evaluate the importance of learning through play

Let’s get Messy, Learning Through Play

2020-01-21/in Play Blog /

There is nothing better than seeing children be free to explore and experiment through messy play. The learning opportunities are endless being creative, using their imagination and generally challenging themselves. Whether it be playing inside with bubbles, shaving foam, flour or outside in the sand and water play areas at nursery or school.

edx education_Messy Play Infographic

Messy play involves children using all their senses in the process of exploration, especially the sense of touch offering children plenty of opportunity to mould and manipulate materials and not having a focus on making or producing something.

Getting Messy isn’t about making a mess, it is about having an experience for children to explore and create. They are naturally curious about the world around them and will find excitement.  Also develops foundation skills in the early years.

Messy play is important because its lack of a focus on making or producing something leaves the child free to explore all sorts of possibilities.

It taps into children’s innate curiosity about the world around them and their strong desire to explore and find out more.

Taking this into account, here are our some of our top messy play activities from Dr. Paul Swan Early Mathematics Experiences book, you can do inside or outside depending on the weather. That are safe, fun and messy in a safe supportive environment for learning, experimenting and exploring on a daily basis.

Lets get messy with water

There are many aspects to water play. These include:

  • measuring: emptying, pouring and filling, filling up to a level
  • using sieves, syphons and hoses
  • floating and sinking
  • washing dishes, clothes, babies (dolls)

Children may experience similar ideas while cooking, working with sand or in the home corner.

As children pour from one container to another they will be developing fine motor skills. Consider how difficult it is to fill a container to a specific level.

Holds More/Less – Children will need a variety of containers to empty and fill. The containers should include some that are identical, others that hold the same amount but look different, so children can make comparisons such as holds more, holds less, holds the same.

Rain Rain – Rain rain go away come again another day. Children often recite this poem. Ask the children how they could find out how much rain falls in a day.  Children may suggest putting a container outside and seeing how full it gets. Children can use different size containers, but will eventually need to agree that in order to make comparisons from one day to the next, they will need to use the same container.

Let’s get messy with sand

The sand pit (outside) or sand tray (inside), provides children with many similar experiences to the Water Tray. The difference is that sand may hold its form. This allows children to mould the sand to form objects such as sand castles.

When children use their hands to mould an object they will use fine motor movement.

  • Wet or Dry – Children can compare working with wet or dry sand. Which handful of sand feels heavier? Which handful of sand keeps its form better?
  • Sand Timer – The children can make a basic sand timer by taping two plastic bottles together.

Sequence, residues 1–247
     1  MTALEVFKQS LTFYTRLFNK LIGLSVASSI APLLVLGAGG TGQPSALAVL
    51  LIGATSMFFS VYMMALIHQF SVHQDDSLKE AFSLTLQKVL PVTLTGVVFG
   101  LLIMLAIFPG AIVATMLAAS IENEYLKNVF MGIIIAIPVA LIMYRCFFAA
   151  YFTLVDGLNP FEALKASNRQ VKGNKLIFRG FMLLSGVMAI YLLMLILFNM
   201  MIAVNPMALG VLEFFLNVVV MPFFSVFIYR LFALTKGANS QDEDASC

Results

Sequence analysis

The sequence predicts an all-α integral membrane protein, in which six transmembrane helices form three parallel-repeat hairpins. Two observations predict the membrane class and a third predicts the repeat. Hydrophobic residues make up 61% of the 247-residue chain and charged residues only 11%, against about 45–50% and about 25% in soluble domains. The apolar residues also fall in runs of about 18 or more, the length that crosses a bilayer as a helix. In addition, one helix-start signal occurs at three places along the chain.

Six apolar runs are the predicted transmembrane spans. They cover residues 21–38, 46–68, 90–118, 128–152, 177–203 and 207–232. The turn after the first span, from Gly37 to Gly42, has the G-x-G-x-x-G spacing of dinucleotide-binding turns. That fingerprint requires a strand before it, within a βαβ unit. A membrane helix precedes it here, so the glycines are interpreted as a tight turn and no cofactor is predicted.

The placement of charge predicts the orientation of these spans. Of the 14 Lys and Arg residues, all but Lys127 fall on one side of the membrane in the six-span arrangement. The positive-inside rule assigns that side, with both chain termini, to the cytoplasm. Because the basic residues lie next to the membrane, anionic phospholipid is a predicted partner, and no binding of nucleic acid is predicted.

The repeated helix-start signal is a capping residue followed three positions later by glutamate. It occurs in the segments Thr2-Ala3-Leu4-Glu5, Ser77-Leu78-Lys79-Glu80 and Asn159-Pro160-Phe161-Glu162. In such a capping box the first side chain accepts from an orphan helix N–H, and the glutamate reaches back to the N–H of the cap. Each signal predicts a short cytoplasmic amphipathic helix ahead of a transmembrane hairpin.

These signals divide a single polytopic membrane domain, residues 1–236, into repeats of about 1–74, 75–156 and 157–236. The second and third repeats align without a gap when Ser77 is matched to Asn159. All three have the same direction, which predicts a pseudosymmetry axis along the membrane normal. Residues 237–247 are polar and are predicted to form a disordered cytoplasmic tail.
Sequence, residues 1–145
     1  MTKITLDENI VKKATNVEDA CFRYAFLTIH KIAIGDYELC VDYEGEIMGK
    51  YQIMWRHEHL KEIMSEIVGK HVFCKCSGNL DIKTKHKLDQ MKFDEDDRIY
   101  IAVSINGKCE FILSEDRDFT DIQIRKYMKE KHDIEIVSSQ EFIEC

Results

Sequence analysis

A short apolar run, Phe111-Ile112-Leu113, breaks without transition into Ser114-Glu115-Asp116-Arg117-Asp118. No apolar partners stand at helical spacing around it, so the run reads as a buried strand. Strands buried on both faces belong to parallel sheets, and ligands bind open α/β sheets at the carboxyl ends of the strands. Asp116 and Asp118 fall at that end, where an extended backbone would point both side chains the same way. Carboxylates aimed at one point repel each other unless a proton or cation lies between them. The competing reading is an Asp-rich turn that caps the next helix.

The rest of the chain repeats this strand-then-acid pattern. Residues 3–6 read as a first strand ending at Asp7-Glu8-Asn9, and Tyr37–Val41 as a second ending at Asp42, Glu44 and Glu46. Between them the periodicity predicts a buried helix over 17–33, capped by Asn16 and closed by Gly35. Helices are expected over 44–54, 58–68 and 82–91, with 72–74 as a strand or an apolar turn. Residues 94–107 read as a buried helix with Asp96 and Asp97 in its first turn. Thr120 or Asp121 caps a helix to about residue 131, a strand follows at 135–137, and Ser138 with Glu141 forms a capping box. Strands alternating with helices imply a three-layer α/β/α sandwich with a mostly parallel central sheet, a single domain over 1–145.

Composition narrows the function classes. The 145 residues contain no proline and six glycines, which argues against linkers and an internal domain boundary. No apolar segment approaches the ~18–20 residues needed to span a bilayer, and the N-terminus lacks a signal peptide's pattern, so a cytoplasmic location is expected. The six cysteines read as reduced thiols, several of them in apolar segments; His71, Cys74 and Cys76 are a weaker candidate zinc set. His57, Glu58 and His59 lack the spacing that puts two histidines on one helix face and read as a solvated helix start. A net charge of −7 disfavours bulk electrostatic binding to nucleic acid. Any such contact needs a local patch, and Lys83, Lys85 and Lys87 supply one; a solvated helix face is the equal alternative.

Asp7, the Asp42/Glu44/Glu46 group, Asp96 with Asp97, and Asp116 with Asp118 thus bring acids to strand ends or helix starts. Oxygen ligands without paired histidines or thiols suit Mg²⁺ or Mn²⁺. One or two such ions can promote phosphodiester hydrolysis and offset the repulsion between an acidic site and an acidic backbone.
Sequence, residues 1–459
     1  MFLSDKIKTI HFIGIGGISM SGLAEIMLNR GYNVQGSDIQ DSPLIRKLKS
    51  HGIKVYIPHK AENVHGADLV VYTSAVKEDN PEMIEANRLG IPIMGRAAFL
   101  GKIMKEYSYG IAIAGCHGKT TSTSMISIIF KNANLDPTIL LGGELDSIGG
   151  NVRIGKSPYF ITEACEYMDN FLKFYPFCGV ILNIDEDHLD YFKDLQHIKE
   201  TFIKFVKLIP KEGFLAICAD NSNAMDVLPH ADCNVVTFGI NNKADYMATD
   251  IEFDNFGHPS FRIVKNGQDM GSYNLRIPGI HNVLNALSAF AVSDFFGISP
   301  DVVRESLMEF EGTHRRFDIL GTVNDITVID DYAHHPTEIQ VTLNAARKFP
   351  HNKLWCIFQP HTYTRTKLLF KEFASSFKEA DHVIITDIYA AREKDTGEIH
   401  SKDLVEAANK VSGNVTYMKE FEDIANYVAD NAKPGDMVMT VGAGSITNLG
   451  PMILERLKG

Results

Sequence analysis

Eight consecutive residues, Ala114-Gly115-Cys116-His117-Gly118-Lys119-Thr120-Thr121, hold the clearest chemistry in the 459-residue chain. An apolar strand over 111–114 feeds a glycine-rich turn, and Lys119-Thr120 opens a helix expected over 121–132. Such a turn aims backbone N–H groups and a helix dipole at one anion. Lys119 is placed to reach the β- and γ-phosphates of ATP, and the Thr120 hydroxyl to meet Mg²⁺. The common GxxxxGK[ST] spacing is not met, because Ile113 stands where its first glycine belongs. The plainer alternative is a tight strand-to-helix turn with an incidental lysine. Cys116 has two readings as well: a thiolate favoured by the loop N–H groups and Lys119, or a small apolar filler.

• Moulds – A variety of moulds may be used to form the sand into shapes, letters, numbers.
  • Treasure Hunt – Hide some objects such as rainbow pebbles or household materials in the sand pit and let children find them.

Prime learning areas that are fostered through messy play.

Physical Development

Messy play offers an amazing opportunity to develop these early motor skills, whether it ís building muscle strength and control in fingers, wrists, arms and shoulders by squishing, squashing and squeezing playdough, or developing muscle control by making marks in shaving foam, clean mud, sand mousse or paint. As well as plenty of opportunities to develop fine motor skills, messy play offers lots of ways to develop gross motor skills, many of which can be based around children interests.

Communication and Language

Messy play allows children to work together to explore the sensory opportunities you provide whilst building vocabulary as they discover the specific attributes of a slimy dinosaur swamp or crunchy cereals or autumn leaves. It also helps to build confidence and communication skills as children roll car tyres to each other through paint or fill rubber gloves (with holes in) for each other in the water tray. When role-play opportunities are combined with messy play, children build their imaginative language and get plenty of chances to communicate their ideas through their play.

Personal Social and Emotional Development

Many messy play offerings can be planned to actively encourage cooperative play, to help children to build their social skills as well as to develop their own confidence in approaching unfamiliar situations. By supporting children in their exploration. We help them to explore their feelings about different materials, their likes and dislikes and to build their confidence to express their own ideas and feelings.

 It may be child’s play, but Messy Play can have an amazing effect on young imaginations.  To look at more educational toys to spark your children’s imaginations to encourage learning through play, head over to edxeducation

Original Author, Heather Welch, Edx Education, Mum, Teacher, Brand Manager edxeducation.com  (IG) @edxeducation